How to Restore and Protect a Concrete Wall

"No matter how pretty and plentiful your flowering plants are, if set against an ugly backdrop, the overall picture just doesn't look good."

For quite some time, that's the thought I had at the back of my mind while staring at our garden wall. This old concrete wall was made from concrete hollow blocks. The only recent work on it by the concrete contractors of our house was the concrete jointing.

I was hesitant in giving the old concrete wall any kind of surface finishing because of the hassle involved. After all, I already have a few vines growing quite happily on the wire trellis I attached to the concrete wall. Also, the concrete wall isn't load bearing so there aren't any concrete foundation repair worries for now.

Here's a view of the concrete wall from above, looking down.

Problems with the Old Concrete Wall

  • Just doesn't look good

    Every time I look at the concrete wall, I get images of a soily and unfinished structure. In the pictures above and below, you'll see the soiled areas (encircled) on the wall where green moss has grown.

    A coat (or two) of paint would be nice to see.

    Here's another part of the concrete wall.

  • Concrete keeps breaking off

    The moss and the soiled areas indicate plenty of moisture in the wall. Over time, this continuous cycle of moisture and drying up has weakened these areas. This resulted in the slow disintegration of the concrete. Some of the concrete have broken off from the wall.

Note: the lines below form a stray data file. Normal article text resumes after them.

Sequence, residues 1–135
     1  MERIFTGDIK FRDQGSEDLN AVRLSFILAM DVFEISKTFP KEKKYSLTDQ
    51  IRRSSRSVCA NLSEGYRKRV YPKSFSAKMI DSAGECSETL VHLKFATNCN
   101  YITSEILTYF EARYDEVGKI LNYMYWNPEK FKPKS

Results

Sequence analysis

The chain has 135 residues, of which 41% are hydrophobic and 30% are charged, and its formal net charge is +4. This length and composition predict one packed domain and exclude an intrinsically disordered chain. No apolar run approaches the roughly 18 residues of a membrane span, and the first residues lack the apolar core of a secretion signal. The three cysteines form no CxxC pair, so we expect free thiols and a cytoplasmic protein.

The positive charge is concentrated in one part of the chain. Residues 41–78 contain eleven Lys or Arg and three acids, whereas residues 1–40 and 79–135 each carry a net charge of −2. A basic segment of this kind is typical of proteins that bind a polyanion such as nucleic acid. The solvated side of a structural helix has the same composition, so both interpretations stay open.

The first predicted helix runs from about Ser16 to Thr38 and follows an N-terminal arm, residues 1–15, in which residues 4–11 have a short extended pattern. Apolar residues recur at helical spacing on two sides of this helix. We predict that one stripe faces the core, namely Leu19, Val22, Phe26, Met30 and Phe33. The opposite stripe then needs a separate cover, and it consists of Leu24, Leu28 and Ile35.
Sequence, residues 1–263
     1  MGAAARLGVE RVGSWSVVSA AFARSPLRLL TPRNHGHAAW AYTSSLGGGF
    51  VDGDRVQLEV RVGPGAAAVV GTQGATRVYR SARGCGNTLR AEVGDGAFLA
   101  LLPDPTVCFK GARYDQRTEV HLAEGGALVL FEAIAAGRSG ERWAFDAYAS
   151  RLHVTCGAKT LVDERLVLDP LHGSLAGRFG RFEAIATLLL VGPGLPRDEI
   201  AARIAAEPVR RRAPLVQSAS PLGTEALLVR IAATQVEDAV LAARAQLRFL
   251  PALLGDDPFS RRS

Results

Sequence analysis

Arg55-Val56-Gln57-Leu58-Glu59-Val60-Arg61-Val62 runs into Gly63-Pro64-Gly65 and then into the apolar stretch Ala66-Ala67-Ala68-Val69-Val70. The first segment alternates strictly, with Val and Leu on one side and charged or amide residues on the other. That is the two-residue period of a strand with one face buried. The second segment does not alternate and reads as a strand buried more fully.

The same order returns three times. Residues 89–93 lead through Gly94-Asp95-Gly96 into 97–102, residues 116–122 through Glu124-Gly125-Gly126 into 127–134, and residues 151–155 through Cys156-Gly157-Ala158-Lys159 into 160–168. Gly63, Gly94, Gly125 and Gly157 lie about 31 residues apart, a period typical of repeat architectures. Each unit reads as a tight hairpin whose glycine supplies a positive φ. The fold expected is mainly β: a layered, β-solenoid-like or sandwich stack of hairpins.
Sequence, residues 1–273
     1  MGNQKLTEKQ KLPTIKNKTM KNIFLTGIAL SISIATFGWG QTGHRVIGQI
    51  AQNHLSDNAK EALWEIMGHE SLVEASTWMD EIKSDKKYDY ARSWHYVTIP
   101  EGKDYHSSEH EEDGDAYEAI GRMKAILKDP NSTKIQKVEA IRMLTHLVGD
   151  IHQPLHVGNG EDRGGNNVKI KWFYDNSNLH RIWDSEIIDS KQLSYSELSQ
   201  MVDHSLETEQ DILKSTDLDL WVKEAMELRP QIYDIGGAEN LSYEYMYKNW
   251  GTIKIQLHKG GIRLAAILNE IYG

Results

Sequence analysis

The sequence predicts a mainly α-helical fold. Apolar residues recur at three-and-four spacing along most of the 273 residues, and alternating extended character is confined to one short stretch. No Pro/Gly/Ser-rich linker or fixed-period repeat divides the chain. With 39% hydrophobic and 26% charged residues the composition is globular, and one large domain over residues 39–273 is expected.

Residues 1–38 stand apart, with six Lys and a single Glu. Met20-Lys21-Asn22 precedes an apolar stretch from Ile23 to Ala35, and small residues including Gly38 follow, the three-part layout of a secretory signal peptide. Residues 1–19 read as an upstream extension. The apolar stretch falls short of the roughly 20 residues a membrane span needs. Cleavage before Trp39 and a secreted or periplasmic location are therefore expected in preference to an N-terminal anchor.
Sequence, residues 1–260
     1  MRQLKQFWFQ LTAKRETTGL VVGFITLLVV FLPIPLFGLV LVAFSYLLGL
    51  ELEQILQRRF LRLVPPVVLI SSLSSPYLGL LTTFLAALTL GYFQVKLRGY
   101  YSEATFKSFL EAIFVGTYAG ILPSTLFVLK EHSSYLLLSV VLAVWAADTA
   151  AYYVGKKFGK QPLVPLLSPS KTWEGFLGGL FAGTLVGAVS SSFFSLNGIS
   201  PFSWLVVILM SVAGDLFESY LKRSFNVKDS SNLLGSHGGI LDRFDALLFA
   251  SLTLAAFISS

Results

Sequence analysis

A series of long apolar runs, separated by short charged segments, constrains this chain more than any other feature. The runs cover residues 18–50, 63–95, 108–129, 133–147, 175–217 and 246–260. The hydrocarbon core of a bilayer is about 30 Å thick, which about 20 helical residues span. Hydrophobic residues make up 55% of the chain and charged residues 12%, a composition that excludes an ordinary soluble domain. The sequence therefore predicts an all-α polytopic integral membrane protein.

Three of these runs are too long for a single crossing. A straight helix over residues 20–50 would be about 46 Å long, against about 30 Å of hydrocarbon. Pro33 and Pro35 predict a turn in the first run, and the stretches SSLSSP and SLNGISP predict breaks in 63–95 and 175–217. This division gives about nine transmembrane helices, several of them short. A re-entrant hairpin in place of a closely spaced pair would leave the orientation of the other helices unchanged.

I noticed this when I hammered nails to installed brackets of the wire trellis. So yes, there will be concrete crack repair.

  • Increased porosity

    With no paint to protect the wall, water from rain doesn't runoff as easily. The moisture on the hollow blocks made the concrete more porous through the years. Some plastering with mortar may need to be done for concrete restoration. The additional painting will help in waterproofing concrete.

  • Future hassles

    Not deciding to protect the wall immediately might prove to be costlier in the future. This is because I was thinking of adding more vines and plants at the base of the wall. Adding more vines meant installing another trellis on the wall. And I thought, if I decide to restore and paint the wall much later, the hassles are multiplied many times because of all these additions.

The above concerns made me decide to immediately act on protecting the wall. Here's an outline of major tasks you may want to consider for restoring and protecting an old concrete wall.
  1. Clear the Wall of Obstruction
  2. Clean the Soiled Areas
  3. Treat the Concrete Surface with Anti-Mould Solution
  4. Finish the Concrete Surface
  5. Paint the Finished Concrete Wall
The next post will discuss clearing and cleaning the concrete wall.

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